Everyone has bad days. Monday morning is a prime example: you wake up and wish it was Saturday, not Monday. But some people have bad days that are beyond bad; they endure endless terrible days that feel awful for no good reason and that last for weeks. These are then followed by manic highs where the person feels like they can conquer the world. Such symptoms are typical of bipolar disorder, but if you have no experience of the illness, find out how to know if someone is bipolar so you can help them.
What is Bipolar Disorder?
Bipolar is a serious mood disorder, and if left untreated, the problem can cause significant problems with relationships, work, and all areas of the person’s life. But if the right treatment is obtained, it is possible for a person with bipolar disorder to live with their condition and keep the mood extremes under control.
Extreme mood swings are the main characteristic of bipolar disorder. Unlike regular depression and episodes of moodiness, bipolar people cycle between bouts of black depression and euphoria. Sometimes there can be periods of normality in between the depression and mania, but not always.
During manic episodes, a bipolar person will be full of inexplicable energy. Bipolar people often embark on wild, crazy schemes, doing stuff that they would not consider doing when back in a period of normality. One of the manic symptoms of bipolar is talking too fast, so if you notice wildly euphoric moods combined with massive amounts of restless energy, consider that the person could be in the midst of a manic bipolar episode. Bipolar people having a manic episode often require less sleep than normal. They might also act with no regard to the consequences of their actions, for example behaving in a promiscuous way or indulging in gambling or other risky behaviors.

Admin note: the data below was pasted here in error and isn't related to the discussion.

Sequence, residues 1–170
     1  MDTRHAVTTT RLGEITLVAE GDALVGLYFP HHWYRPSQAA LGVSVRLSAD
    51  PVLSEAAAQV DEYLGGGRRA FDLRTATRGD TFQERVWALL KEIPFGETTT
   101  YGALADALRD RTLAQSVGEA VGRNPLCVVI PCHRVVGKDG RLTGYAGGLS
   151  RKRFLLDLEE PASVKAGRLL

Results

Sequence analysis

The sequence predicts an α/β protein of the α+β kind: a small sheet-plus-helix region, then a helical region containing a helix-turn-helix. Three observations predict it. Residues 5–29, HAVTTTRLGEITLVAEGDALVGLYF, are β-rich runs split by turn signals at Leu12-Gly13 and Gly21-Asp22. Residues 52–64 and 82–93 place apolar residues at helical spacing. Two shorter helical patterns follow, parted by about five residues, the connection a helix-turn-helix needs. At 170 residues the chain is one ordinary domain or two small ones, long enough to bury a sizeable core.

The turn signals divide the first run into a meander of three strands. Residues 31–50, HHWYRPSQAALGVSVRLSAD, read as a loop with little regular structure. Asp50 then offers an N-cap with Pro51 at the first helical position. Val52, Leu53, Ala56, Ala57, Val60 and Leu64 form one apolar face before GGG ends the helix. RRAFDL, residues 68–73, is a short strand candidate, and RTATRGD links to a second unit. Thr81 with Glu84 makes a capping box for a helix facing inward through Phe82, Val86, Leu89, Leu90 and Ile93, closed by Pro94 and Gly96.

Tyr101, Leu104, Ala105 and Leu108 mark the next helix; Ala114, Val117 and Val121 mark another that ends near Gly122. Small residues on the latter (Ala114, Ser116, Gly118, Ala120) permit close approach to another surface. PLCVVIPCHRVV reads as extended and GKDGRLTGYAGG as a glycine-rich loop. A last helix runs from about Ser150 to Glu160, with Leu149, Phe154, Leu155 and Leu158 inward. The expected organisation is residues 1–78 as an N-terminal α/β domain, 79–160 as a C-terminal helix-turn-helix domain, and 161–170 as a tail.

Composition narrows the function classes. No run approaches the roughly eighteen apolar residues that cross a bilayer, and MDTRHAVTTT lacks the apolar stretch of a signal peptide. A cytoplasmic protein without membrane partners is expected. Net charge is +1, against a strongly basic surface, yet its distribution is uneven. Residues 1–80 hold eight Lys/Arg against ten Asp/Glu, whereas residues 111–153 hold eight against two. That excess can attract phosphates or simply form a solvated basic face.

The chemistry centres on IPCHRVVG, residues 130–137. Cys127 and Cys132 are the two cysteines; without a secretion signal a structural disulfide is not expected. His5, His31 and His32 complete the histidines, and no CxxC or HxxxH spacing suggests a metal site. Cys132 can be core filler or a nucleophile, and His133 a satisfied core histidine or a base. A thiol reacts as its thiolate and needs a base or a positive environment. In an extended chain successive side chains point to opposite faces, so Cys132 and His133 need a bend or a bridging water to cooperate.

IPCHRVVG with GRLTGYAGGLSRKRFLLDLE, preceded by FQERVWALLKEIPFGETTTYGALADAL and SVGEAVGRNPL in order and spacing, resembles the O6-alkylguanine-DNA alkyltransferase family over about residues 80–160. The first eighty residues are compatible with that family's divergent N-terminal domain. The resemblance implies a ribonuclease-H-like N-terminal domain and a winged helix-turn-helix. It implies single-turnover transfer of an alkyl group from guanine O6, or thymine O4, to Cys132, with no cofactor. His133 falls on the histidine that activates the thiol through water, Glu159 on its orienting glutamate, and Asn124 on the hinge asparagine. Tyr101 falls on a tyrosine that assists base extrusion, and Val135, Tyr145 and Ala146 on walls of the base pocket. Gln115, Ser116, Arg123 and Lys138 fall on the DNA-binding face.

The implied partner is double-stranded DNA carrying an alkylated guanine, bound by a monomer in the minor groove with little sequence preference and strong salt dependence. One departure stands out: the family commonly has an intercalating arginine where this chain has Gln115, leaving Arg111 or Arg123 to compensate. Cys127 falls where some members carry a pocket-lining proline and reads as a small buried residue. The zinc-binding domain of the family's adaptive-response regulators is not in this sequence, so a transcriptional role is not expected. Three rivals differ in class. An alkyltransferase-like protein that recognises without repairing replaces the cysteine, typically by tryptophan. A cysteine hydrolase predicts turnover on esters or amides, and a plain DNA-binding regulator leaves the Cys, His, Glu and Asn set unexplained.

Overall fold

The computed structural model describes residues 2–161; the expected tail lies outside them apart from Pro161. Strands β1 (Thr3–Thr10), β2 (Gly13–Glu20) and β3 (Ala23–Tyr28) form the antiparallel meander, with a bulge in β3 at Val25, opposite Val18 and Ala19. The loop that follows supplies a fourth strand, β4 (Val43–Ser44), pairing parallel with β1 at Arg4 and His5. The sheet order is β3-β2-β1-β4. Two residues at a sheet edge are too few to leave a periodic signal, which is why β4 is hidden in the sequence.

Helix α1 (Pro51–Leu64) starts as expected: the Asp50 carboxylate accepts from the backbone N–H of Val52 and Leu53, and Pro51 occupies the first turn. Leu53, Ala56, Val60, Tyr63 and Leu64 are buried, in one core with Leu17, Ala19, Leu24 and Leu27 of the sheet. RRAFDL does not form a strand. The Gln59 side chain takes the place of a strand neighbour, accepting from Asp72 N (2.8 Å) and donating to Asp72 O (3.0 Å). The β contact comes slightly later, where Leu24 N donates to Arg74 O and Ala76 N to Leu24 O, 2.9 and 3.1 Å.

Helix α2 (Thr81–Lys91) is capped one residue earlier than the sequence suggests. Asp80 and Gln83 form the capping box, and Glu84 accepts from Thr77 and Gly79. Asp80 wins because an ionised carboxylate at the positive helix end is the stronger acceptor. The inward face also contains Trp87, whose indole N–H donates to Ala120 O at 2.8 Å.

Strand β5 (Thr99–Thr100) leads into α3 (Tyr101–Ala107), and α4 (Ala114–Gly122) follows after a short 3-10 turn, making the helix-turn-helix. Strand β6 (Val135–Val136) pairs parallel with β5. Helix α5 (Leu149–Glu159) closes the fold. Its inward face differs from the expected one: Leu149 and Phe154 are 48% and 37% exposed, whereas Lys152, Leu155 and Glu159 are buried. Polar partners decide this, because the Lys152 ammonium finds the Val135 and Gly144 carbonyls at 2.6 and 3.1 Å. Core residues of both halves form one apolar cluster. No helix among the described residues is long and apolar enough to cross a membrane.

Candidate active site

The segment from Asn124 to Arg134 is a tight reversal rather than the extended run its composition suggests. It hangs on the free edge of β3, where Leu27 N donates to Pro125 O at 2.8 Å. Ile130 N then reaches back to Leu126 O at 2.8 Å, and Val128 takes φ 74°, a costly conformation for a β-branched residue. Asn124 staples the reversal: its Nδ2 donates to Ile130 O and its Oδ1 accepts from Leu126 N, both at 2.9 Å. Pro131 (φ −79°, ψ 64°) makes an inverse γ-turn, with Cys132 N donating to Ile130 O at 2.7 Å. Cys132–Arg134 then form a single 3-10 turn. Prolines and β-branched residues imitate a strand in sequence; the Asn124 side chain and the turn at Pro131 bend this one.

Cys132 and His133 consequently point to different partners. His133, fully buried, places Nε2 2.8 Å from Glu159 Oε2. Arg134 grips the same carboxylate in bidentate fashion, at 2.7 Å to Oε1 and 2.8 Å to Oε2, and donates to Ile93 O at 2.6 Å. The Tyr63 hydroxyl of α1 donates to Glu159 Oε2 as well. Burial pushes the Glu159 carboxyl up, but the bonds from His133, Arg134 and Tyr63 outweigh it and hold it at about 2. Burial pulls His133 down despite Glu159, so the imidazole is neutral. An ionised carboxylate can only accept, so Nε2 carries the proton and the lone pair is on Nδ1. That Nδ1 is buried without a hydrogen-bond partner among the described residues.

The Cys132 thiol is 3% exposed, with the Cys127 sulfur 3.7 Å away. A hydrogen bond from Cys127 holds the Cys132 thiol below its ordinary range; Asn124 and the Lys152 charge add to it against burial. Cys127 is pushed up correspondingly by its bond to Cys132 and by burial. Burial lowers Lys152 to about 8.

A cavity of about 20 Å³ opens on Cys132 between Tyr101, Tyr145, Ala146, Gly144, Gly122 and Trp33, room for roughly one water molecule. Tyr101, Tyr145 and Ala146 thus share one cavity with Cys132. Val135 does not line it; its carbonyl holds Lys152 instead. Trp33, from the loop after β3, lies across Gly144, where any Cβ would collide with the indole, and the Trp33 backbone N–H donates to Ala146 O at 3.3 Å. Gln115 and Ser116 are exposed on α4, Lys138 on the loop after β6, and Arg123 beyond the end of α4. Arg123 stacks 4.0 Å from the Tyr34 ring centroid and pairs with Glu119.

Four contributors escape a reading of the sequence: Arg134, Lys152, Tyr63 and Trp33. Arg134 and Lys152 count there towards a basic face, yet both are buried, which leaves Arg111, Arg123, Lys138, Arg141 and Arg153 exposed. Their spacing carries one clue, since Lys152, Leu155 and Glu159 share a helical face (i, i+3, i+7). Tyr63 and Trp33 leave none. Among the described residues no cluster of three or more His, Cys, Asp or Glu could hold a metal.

The other side of the bipolar coin is depression. Like any other type of depression, bipolar depressive episodes are characterized by extreme sadness, feelings of hopelessness, and a withdrawal from friends and family. The depressive phase of bipolar can last for weeks or longer, so look out for the person who refuses to get out of bed and appears to be sad for no apparent reason. At its worst, a bipolar person having a major depressive episode could end up feeling suicidal, so be vigilant and if you are concerned that someone you care about could be in danger, seek help on their behalf immediately.
If you believe that a friend or relative might be suffering from bipolar, it is very important that they receive professional help. Bipolar people will not get better without help: bipolar is a chemical imbalance in the brain rather than a state of mind. As such, the illness requires specialist treatment from mental health professionals. This can take the form of medications such as Risperdal to control the mood swings, but talking therapy can also help to assist the patient to find ways of dealing with their bipolar symptoms and recognize when they are heading for a manic or depressive episode.